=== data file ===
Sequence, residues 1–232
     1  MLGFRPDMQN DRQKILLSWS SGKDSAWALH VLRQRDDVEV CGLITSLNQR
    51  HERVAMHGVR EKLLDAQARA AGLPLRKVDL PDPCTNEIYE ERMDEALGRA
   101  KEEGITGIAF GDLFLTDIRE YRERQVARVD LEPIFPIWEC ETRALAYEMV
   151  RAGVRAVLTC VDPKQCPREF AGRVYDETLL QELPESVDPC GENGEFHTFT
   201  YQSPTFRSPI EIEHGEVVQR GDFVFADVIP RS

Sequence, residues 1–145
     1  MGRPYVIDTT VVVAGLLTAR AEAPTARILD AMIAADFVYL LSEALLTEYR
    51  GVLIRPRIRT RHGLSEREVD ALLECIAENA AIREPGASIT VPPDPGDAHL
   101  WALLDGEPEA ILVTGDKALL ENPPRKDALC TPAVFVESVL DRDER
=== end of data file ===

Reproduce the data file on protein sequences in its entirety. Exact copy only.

Sequence, residues 1–232
     1  MLGFRPDMQN DRQKILLSWS SGKDSAWALH VLRQRDDVEV CGLITSLNQR
    51  HERVAMHGVR EKLLDAQARA AGLPLRKVDL PDPCTNEIYE ERMDEALGRA
   101  KEEGITGIAF GDLFLTDIRE YRERQVARVD LEPIFPIWEC ETRALAYEMV
   151  RAGVRAVLTC VDPKQCPREF AGRVYDETLL QELPESVDPC GENGEFHTFT
   201  YQSPTFRSPI EIEHGEVVQR GDFVFADVIP RS

Sequence, residues 1–145
     1  MGRPYVIDTT VVVAGLLTAR AEAPTARILD AMIAADFVYL LSEALLTEYR
    51  GVLIRPRIRT RHGLSEREVD ALLECIAENA AIREPGASIT VPPDPGDAHL
   101  WALLDGEPEA ILVTGDKALL ENPPRKDALC TPAVFVESVL DRDER